The music world has been embracing advancements in 3D printing for quite a while now. Over the last several years we have seen 3D printed drums, guitars, flutes, and even a saxophone. It’s incredible what can be produced via digital fabrication. One area which has really garnered my attention is that of records. If you are old enough, then you remember these 7″-12″ analog forms of music storage.
Remarkably, we have seen several individuals introduce some very interesting methods of 3D printing the records themselves, as well as the equipment required to unlock the music each record holds. Just last month, in fact, we covered an amazing 3D print by a woman located in New Zealand named Oana Croitoru. Croitoru printed out a hand cranked turntable, and I have to admit it’s probably one of the coolest 3D printable designs I have seen all year.
Just as amazing as the mechanics of a hand cranked, 3D printed turntable is the process in which music is able to be transferred onto a vinyl disk simply by placing grooves into that disk. In fact, the art of cutting a record is dying a slow death, as those who perfected the process decades ago are no longer with us. Additionally, the cutterheads required for the process are rarely being manufactured any longer, and usually will cost you an arm and a leg.
“Cutterheads are a relative black hole of knowledge in the record cutting industry,” stated Todd Mariana, a man with a plan to change all this. “Very few people understand how to repair or create one. Those who do are aging. And, they depend on this knowledge to make a living. The unfortunate part is that when they pass, they take these secrets with them. I decided to embark on a quest to unlock these secrets.”
Todd Mariana is trying to keep the art alive, and the equipment available, and thanks to 3D printing this is all now possible. Mariana, who has been writing electronic music for the last 21 years, and currently is the owner/operator of Deep Grooves Mastering in Chicago, Illinois, has set out to 3D print a cutterhead which he hopes to eventually begin selling.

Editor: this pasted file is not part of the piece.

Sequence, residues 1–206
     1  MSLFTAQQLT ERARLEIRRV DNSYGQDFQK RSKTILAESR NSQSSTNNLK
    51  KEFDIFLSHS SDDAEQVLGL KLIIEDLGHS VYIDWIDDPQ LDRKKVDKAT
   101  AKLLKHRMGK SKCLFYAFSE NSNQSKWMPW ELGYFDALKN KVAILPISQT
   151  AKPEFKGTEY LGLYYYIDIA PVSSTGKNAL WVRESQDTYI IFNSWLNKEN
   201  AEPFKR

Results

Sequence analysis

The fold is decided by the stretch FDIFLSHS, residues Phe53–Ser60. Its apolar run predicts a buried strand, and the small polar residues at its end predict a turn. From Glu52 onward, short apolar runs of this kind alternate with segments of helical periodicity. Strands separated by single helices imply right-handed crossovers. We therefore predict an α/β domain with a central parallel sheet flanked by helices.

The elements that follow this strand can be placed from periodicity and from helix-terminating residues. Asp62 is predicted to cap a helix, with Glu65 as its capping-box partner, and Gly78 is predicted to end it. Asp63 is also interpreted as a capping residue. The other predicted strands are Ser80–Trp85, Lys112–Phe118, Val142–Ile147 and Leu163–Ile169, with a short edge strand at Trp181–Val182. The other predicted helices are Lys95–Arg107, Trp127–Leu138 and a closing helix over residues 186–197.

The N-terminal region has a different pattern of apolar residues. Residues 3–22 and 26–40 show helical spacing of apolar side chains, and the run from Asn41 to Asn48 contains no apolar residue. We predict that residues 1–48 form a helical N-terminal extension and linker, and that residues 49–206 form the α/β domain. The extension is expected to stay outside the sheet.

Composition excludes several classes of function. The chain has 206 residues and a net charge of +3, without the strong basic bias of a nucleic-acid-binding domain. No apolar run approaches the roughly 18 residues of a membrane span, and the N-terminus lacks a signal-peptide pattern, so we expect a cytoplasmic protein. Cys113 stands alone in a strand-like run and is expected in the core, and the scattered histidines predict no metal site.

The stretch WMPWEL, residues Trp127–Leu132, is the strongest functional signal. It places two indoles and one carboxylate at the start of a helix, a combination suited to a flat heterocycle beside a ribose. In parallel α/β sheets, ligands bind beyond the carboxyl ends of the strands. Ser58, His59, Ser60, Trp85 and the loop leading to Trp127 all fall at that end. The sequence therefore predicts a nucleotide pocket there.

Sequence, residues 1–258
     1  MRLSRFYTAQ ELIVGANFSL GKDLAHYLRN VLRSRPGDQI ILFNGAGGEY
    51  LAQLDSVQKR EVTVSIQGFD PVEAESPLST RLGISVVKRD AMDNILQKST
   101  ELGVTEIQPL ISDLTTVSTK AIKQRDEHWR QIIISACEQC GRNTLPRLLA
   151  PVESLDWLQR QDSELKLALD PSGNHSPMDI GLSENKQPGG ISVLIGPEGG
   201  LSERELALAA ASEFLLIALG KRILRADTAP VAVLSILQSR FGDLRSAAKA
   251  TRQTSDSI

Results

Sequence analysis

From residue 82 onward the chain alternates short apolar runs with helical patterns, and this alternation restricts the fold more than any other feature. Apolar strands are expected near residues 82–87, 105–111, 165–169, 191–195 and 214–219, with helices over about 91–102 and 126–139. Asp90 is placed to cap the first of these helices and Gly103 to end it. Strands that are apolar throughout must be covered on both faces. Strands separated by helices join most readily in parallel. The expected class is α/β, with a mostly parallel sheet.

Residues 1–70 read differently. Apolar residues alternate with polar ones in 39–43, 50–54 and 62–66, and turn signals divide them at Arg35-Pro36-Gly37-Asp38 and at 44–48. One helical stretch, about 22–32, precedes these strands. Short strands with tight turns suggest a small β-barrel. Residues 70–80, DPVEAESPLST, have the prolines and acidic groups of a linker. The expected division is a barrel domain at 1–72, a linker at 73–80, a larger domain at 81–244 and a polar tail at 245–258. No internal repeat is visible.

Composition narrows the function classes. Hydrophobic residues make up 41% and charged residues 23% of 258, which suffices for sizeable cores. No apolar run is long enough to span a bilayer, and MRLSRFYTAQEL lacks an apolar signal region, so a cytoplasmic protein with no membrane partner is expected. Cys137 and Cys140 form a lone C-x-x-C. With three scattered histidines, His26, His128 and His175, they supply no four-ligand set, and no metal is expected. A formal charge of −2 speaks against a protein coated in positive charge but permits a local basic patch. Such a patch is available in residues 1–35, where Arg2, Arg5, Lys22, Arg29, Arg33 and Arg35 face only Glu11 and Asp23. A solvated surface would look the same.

“I would never have made it this far without my 3d printer (MakerBot Replicator 2). It is my only means of fabrication,” he explained. “I don’t have access to a metal shop, CNC, metal lathe or mill. That is the main reason why this topic is not fully exposed. Few people have even had the means to try to uncover this information. But, 3d printing has liberated me in this respect.”
Mariana is in the process of creating a cutterhead which can be then used to cut records of high quality. The majority of the device is 3D printed, with the exception of a few metal parts which include, “2 screws/washers/nuts, DSub pins and sockets for electrical connectivity, three very short lengths of sewing needle, a small piece of rubber, the record cutting stylus, 6 x Neodymium rare earth magnetic discs, 2 x Neodymium rare earth magnetic washers, 10 pieces of metal dowel used to add weight (they serve no other purpose), and two coils made from specially produced flat enameled wire.”
Mariana winds all the coils himself under magnification, aligning each turn with the last. Each coil is 4 layers and rated at 8 Ohms DC resistance. Once the entire cutterhead is printed and assembled, which certainly is not an easy process, it needs to be attached to an existing record cutter lathe.